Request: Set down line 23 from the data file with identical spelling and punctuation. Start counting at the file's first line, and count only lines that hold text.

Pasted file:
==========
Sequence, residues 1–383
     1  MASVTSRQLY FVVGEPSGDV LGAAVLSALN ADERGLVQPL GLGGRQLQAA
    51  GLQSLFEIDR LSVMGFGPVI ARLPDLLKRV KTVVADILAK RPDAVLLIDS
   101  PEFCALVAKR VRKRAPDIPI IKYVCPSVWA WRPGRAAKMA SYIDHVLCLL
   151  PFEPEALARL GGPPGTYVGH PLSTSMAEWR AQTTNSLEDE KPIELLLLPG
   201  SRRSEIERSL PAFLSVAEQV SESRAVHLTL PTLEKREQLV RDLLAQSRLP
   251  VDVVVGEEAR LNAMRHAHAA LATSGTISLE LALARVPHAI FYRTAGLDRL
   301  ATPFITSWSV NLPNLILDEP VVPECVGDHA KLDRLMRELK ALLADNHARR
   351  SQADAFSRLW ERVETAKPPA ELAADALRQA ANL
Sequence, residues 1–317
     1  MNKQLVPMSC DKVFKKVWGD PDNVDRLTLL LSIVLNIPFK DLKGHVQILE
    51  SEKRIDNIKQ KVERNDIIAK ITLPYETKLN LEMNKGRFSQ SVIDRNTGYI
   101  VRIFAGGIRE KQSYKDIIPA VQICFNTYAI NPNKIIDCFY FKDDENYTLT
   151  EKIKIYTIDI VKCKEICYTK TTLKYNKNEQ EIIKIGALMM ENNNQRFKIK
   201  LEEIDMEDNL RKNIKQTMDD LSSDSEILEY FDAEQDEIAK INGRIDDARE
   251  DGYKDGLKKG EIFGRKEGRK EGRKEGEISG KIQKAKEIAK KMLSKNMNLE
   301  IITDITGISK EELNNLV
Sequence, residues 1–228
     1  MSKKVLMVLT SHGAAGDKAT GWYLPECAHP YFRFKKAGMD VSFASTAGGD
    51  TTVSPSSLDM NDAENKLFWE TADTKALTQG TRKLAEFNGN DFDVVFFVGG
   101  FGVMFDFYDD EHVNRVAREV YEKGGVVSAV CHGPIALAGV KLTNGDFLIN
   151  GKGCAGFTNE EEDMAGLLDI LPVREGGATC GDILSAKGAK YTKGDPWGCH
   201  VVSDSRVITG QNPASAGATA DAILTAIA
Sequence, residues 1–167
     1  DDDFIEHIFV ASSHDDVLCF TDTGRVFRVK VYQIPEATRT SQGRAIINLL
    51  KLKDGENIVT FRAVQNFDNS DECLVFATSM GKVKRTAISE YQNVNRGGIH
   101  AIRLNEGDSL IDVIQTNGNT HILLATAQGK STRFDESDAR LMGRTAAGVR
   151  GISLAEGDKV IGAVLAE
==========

   201  VVSDSRVITG QNPASAGATA DAILTAIA